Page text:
by Lisa Massicotte
Award-winning Boston Globe Editor and columnist Derrick Jackson paid a visit to Central Connecticut last week.
Students lounged in the couches of the Marcus White Living Room Wednesday, April 20th to hear Jackson share his journey covering the Project Puffin.
Project Puffin is a 43-year-old initiative to restore puffin-bird populations to Eastern Egg Rock, which is one of their native habitats off the coast of Maine. The project is the world’s first successful attempt to restore any seabirds back to their native habitat and has been replicated by biologists around the globe.
“It’s impressive to listen to him talk and to see his passion,” said Galileo Sutherland-West, CCSU student. “He has a great pace of voice. He has the ‘Morgan Freeman’ quality of voice.”
Jackson, 60, discussed his book “Project Puffins: The Improbable Quest to Bring a Beloved Seabird Back to Egg Rock.”
He started by explaining how he got his foot in the door by covering football for the Wisconsin Associated Press.
“I got to cover every game at Lambeau Field for the Green Bay Packers. The only Eagles I’ve heard of played football in Philadelphia and the only Cardinals I’ve heard of played baseball in St. Louis,” said Jackson. “If you asked me 20, maybe even 10 years ago if I would write a book about puffins, I would of said you’re crazy.”
“He’s been with the project ever since the elevator left the ground,” said Geography Department Chair Dr. Richard Benfield.
The book will be celebrating its first anniversary after being published a year ago from tomorrow, April 28th.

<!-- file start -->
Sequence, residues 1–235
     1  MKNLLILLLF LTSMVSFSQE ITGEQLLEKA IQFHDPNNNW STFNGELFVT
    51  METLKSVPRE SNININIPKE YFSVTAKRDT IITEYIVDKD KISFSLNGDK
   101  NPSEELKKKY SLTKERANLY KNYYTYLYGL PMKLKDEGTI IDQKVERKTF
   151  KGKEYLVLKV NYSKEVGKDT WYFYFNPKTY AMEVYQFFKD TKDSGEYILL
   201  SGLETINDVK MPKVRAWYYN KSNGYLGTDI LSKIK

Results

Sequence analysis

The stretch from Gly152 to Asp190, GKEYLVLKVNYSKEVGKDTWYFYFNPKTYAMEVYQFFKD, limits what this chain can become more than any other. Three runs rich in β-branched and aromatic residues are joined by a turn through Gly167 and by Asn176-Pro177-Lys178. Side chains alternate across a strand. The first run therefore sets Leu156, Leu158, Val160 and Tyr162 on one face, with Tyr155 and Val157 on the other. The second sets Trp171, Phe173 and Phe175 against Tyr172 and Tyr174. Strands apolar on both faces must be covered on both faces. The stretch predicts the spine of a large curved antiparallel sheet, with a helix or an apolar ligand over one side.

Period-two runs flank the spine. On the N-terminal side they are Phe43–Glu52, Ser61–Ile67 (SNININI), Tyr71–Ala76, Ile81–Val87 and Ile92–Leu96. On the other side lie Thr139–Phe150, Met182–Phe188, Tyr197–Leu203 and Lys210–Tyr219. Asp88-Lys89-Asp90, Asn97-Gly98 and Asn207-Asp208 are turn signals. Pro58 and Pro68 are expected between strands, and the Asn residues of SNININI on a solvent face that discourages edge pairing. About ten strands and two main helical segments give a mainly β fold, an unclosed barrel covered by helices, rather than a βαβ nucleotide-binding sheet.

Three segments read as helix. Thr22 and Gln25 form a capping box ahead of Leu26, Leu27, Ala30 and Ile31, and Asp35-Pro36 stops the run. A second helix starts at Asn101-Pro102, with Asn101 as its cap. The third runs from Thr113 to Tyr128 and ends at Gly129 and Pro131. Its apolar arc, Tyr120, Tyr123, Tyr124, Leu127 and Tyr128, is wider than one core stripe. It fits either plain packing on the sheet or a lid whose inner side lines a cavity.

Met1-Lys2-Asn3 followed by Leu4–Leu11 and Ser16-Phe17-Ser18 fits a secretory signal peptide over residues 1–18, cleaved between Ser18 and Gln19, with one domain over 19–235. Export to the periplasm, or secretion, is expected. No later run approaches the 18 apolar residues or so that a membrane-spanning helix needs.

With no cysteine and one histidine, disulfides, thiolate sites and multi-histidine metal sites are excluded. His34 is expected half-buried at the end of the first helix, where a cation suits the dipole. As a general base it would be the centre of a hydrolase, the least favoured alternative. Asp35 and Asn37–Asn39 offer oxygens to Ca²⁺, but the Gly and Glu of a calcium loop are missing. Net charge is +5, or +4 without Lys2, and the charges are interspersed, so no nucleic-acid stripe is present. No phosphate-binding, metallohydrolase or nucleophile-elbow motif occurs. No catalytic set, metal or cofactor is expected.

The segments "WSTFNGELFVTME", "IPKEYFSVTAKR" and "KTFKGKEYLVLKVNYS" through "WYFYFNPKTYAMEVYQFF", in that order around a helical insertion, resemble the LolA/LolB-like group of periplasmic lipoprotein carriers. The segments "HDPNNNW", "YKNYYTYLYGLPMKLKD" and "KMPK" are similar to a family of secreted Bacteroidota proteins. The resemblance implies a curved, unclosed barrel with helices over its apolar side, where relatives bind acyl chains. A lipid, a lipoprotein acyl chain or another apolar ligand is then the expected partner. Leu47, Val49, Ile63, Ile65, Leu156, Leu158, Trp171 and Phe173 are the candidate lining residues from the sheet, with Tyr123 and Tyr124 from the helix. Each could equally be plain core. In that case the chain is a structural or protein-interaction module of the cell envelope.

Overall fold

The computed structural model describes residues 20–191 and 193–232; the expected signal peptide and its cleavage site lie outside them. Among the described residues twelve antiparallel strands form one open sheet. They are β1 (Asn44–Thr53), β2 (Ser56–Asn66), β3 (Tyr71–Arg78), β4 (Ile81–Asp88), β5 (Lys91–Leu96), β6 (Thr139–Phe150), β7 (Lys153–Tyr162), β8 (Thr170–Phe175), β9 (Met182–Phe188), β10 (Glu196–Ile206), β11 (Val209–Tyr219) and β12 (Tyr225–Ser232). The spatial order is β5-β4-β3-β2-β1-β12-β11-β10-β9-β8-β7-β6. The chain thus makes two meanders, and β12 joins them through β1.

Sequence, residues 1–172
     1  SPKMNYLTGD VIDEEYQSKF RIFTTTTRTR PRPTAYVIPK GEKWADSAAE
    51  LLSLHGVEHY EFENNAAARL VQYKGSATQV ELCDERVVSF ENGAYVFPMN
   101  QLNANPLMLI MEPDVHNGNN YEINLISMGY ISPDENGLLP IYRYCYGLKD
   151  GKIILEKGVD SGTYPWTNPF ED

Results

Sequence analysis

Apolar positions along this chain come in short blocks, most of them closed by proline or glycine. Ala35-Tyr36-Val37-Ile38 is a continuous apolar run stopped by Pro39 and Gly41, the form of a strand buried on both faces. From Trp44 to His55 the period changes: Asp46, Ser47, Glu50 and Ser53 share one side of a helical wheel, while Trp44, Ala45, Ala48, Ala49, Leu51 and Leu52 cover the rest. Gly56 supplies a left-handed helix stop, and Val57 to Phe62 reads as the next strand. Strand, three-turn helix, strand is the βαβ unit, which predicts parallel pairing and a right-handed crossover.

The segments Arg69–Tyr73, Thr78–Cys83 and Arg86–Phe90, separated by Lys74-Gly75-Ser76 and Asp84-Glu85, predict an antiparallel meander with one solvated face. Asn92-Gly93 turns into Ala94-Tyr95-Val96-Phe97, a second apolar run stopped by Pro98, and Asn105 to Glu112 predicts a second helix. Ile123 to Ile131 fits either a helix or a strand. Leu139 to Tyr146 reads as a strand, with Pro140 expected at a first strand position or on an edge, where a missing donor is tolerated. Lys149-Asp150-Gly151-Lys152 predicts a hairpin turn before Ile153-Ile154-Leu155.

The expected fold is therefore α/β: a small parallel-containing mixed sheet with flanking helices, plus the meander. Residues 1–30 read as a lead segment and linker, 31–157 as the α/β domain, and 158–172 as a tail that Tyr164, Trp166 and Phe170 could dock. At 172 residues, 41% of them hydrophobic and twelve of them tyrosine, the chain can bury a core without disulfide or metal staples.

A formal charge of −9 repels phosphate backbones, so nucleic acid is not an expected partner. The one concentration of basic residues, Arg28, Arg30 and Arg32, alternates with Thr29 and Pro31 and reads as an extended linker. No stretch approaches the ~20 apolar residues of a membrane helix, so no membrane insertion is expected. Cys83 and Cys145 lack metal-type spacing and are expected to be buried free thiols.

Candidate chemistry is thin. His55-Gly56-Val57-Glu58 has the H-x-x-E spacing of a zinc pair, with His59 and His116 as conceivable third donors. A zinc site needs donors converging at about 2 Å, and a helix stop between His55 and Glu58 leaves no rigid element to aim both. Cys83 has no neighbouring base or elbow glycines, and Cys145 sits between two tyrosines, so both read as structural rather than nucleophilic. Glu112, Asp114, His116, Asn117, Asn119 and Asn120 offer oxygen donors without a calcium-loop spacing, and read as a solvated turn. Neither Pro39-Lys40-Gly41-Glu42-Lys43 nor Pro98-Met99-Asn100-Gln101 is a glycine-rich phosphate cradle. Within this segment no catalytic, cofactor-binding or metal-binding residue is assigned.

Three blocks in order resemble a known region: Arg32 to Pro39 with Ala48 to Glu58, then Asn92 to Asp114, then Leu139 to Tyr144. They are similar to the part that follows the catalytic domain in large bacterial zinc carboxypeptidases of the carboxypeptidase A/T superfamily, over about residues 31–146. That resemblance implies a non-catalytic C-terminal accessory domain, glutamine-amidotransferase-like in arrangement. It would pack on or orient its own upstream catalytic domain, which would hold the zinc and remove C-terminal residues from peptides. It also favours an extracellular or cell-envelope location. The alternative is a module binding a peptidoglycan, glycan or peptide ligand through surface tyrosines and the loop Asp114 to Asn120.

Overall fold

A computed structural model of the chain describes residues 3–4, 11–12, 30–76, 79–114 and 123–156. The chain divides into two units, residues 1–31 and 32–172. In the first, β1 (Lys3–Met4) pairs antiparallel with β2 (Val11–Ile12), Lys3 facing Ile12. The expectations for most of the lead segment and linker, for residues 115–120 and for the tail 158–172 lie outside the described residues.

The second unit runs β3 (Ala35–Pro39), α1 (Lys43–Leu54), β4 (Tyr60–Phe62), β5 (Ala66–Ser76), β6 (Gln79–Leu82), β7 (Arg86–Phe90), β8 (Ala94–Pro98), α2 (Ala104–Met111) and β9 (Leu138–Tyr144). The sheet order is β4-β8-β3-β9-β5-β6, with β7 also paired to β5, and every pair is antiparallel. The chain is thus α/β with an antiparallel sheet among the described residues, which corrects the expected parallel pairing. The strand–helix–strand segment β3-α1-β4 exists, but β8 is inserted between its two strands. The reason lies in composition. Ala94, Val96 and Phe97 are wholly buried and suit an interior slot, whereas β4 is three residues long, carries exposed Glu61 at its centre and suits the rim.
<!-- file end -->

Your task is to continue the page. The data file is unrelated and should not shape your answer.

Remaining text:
Dr. Benfield said Jackson is, “Creating environmental awareness from a very famous and well-respected seasoned journalist in the fields of politics, environmental awareness, sports and current affairs.”
The future of journalism was also a topic of conversation. Jackson said nor him or the experts are exactly sure what is in store for the future, but he is adamant in his belief journalism will go forward as we move into the digital age.
“Despite all the turmoil in the industry, particularly on the print side, it’s still actually more vital today than ever,” said Jackson. “It’s why it’s in the constitution. It’s got it’s own separate pillar in the constitution under free speech.”
Students left Marcus White with a surplus of knowledge and perspectives.
“I didn’t really know anything about puffins before reading about Project Puffin, other than the fact they were cute little birds with big beaks,” said Jasmine Ruckey, CCSU student. “It was fascinating to hear about the whole process on how they got Egg Rock started, from trans-locating the eggs to setting up puffin figurines to get the adult puffins to return back to the location and it’s still amazing that this project continues, after 40 years.”
“CCSU should put on more of these events because even if it isn’t in your major. It gives you another perspective of the world and I think we all need that,” said Sutherland-West.
After all the trial and error and environmental obstacles, Jackson was proud to announce Project Puffin’s progress as of today, “In Maine they were down to its last two to four birds by 1902. Today, there are now 1100 [mating] pairs of puffins on the coast of Maine.”